References:
    Universal methylation age across mammalian species
    Partial reprogramming of Progeria mice
    David Sinclair paper on restoring vision in mice
    Uri Manor Lab spike protein paper 
    Large doses of Spike Protein Induce Acute Lung Injury in Mice
    Pfizer ADME study (translated from Japanese) 
    Vaccine Adverse Event Reporting System (VAERS) FAQ re: requirement to report deaths, other serious adverse events
    How frequently are side effects reported to VAERS?
    More on Yuri:
    Medium article on SARS-CoV-2 Origins
    Yuri’s twitter: @ydeigin

    • 55 min
    The Case for Medical Education Reform with Bryan Carmody, MD

    The Case for Medical Education Reform with Bryan Carmody, MD

    This conversation with Dr. Bryan Carmody was recorded on June 21st, 2021. In this interview, Daniel Belkin and Mitch Belkin speak with Dr. Carmody about the history of the USMLEs, the value of standardized test scores, and the arms race in the residency admissions process. They touch on conflict of interest in medical education and the rising cost of medical schools among other topics.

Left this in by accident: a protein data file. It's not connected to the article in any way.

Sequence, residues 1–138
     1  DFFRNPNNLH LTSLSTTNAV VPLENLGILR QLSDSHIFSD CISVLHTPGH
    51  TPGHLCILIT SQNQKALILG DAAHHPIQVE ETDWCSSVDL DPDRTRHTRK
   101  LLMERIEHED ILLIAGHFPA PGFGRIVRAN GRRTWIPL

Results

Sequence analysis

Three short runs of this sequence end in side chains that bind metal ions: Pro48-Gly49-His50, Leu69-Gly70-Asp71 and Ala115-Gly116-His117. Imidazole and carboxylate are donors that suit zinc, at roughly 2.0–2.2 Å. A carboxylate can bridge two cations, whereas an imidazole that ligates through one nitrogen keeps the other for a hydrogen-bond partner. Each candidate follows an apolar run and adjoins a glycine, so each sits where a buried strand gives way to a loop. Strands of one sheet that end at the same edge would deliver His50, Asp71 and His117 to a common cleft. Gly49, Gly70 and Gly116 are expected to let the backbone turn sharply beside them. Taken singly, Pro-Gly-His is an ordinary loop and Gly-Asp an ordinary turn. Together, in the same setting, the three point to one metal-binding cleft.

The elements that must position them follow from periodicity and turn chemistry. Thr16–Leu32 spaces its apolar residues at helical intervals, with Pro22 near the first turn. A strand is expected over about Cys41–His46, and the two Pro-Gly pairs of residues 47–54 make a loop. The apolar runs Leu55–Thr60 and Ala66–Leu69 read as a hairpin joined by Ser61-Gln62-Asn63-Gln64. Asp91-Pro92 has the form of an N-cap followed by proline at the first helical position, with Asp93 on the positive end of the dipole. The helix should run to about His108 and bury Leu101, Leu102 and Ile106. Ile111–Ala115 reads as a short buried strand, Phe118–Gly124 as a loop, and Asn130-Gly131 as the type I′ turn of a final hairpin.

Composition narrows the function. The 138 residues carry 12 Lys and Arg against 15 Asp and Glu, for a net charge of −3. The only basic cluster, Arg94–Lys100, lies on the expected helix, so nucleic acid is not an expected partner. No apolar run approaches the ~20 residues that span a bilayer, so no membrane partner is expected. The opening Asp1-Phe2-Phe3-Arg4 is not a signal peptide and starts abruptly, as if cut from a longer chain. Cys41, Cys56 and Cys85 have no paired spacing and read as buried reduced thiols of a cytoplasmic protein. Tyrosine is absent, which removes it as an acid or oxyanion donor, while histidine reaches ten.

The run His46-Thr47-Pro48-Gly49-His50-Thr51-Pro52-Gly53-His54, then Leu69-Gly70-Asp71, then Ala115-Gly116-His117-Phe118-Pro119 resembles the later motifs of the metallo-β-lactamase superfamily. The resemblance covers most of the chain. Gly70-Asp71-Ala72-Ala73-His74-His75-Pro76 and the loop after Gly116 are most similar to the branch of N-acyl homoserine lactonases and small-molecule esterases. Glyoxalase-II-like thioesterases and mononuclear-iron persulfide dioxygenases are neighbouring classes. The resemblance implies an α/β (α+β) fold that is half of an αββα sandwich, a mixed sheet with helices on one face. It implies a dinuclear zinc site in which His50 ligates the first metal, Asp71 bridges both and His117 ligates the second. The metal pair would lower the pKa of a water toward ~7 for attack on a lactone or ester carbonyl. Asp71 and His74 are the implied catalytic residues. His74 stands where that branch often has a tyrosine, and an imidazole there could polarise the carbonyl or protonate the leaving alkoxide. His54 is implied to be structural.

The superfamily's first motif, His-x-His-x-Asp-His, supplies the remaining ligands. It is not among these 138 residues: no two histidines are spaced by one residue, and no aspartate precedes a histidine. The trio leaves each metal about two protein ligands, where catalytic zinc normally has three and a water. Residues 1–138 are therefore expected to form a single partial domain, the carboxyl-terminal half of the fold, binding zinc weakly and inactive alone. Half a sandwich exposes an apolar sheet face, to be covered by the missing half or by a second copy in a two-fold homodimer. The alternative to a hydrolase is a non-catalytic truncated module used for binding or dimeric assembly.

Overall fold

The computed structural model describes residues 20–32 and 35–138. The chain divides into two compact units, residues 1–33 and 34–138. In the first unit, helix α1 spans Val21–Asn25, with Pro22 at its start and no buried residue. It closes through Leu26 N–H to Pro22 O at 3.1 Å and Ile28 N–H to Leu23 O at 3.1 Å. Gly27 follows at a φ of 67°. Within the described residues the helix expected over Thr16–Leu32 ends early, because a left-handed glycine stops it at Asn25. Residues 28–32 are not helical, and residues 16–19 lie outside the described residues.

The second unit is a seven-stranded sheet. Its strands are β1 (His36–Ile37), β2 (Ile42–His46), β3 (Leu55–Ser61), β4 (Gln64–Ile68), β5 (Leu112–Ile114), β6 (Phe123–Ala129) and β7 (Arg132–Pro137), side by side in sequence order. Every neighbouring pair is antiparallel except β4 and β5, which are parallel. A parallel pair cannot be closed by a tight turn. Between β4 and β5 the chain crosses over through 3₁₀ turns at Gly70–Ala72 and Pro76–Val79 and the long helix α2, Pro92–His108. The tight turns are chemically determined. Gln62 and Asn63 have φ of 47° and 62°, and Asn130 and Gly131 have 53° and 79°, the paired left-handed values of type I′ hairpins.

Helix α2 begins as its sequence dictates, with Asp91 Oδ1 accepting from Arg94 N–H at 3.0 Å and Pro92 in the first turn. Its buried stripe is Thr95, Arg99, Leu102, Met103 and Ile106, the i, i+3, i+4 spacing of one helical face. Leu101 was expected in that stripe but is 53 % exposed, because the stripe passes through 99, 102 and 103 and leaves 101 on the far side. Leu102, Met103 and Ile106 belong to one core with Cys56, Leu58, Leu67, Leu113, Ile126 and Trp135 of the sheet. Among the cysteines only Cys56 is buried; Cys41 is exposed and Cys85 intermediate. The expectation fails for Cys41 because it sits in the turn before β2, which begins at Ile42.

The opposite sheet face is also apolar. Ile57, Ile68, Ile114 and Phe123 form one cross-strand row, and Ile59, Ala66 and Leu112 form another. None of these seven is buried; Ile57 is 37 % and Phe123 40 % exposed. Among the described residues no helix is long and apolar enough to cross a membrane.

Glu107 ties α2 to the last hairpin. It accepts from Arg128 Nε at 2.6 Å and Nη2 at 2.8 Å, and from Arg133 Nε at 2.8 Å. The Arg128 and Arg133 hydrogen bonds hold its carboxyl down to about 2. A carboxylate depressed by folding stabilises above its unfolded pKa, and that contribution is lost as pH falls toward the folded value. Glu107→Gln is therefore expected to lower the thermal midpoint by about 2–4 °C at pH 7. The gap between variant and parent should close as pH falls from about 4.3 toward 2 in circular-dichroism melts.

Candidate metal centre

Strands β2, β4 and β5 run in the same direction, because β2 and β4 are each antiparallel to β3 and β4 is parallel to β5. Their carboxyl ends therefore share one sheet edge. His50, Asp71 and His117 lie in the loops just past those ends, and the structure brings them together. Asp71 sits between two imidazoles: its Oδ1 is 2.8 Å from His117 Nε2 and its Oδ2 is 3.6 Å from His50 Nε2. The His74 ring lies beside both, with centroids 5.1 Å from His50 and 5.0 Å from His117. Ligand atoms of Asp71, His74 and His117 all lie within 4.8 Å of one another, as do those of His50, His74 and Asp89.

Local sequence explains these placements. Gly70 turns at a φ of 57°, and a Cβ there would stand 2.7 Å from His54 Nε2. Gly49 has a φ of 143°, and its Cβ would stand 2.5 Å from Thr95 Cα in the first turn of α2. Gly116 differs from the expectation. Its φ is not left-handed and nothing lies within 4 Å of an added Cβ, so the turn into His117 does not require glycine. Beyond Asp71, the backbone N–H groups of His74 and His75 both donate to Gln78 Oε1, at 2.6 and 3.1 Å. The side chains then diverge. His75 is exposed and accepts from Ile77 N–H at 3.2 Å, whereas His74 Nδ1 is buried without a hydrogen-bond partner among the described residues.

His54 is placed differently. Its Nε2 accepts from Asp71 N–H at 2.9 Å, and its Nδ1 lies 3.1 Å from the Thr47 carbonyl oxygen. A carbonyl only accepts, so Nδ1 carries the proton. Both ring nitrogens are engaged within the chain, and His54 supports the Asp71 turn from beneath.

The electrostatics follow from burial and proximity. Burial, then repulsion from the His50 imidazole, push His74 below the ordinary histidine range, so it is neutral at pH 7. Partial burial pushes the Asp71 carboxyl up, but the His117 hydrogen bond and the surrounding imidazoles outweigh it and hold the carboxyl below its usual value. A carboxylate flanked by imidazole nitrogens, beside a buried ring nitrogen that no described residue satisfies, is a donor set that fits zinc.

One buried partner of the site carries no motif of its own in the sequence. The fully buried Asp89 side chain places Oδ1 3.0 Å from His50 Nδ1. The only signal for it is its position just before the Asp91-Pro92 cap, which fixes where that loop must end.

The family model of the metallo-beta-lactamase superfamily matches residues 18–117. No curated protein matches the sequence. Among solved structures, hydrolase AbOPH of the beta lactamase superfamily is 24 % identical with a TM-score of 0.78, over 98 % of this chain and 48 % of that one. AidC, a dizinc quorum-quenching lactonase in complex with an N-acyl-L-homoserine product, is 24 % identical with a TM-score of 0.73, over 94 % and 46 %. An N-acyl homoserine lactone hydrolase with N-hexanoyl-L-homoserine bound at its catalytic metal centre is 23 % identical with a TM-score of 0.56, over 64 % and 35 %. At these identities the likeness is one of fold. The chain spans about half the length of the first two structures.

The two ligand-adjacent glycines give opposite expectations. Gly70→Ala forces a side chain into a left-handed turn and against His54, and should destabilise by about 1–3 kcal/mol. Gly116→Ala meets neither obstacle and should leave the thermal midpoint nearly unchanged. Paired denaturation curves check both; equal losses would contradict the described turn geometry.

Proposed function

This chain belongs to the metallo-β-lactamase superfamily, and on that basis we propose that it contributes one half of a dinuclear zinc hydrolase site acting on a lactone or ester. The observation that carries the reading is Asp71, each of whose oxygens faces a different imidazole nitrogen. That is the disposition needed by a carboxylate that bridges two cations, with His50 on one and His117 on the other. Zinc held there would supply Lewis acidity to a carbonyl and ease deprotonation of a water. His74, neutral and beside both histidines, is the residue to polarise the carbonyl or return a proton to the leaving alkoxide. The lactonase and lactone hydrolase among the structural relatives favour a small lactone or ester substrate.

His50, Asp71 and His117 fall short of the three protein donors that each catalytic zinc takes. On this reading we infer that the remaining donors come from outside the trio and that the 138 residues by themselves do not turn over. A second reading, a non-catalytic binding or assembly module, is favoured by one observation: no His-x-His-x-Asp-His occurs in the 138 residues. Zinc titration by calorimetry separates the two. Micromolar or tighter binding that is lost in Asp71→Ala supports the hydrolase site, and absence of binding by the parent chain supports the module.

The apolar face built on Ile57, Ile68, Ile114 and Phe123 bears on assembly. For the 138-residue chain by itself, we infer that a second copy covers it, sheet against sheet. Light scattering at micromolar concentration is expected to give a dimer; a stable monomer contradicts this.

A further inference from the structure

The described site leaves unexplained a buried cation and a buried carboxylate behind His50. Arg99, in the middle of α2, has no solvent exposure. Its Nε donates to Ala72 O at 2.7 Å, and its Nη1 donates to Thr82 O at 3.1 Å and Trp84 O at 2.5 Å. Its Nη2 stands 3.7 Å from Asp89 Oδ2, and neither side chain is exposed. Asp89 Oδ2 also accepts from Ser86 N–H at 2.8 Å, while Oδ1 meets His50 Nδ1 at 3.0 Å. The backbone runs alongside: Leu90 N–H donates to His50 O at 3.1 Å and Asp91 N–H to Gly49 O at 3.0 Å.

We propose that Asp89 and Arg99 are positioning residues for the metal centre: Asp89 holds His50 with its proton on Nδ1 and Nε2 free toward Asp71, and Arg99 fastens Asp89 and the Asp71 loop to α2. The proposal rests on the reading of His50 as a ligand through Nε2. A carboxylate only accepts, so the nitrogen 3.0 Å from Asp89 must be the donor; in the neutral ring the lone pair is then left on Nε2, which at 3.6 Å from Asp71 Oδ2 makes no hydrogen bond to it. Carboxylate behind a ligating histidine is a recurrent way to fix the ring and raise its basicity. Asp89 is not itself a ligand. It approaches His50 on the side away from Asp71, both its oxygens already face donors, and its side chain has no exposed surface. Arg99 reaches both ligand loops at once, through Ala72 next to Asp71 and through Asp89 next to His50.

If you enjoy this episode, please follow us on twitter @ExMedPod and subscribe to our newsletter.
    Who is Bryan Carmody?
    Dr. Bryan Carmody is a pediatric nephrologist at Eastern Virginia Medical School. He has made a name for himself as a critic of certain aspects of medical education and the residency application process. For years, he has argued that USMLE Step 1 should go pass-fail and that Step 2 CS should be eliminated — both of these events happened in the last year and a half.